The following is my interview with Marie Brassard, the Roberta of Caroline Monnet’s film (Roberta, 2014).
What was it like working with Caroline?
It was great. Caroline is a very intelligent person who made herself readily available. We had great conversations about the film and Roberta’s character.
How did you approach this character?
I had several conversations with Caroline who told me about her grandmother, the woman who inspired the character. As a child, Caroline was fascinated by her and her eccentric attitude, which made her a remarkable figure in the suburbs where she lived. This was not necessarily a good thing, since her difference could frighten the more conventional people who lived there, and so her loneliness was accentuated. It was this extreme sense of loneliness that I wanted to highlight.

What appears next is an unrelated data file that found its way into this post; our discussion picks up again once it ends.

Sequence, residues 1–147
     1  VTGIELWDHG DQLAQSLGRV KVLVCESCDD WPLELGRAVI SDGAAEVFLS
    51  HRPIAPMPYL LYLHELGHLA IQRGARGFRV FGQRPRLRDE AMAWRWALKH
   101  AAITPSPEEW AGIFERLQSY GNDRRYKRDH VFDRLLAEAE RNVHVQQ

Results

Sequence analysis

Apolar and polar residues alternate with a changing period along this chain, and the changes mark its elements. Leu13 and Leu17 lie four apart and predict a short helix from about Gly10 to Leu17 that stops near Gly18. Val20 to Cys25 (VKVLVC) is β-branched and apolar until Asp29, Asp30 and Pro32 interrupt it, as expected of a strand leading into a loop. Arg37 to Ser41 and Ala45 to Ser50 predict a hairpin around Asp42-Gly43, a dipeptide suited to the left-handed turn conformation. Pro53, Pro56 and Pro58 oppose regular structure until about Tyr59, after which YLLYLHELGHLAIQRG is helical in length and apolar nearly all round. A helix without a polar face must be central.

What did you take away from this character?
Caroline saw me in her grandmother, and I retained the beautiful and very touching stories and the affection she had for this woman. When you create a character, it’s a perception, an idea that you have of that person, even if it’s inspired by someone who really existed. You invent the character. As far as her state of mind goes, you can sense that she is vulnerable, isolated, and does not feel adequate. And so I relied on my own experience of painful loneliness; we can all identify with that.
What is your most vivid memory of the shoot?
The suburban house where we filmed, which was a fascinating place and decorated in a very kitschy way. If I remember correctly, the owner had died shortly before, and her children allowed us to shoot there before emptying it of the furniture and objects and putting it up for sale. Because of this, there was a kind of sacred spirit floating in the air. It was as if, through this film, the children’s farewell to their mother was made official through a kind of artistic ceremony.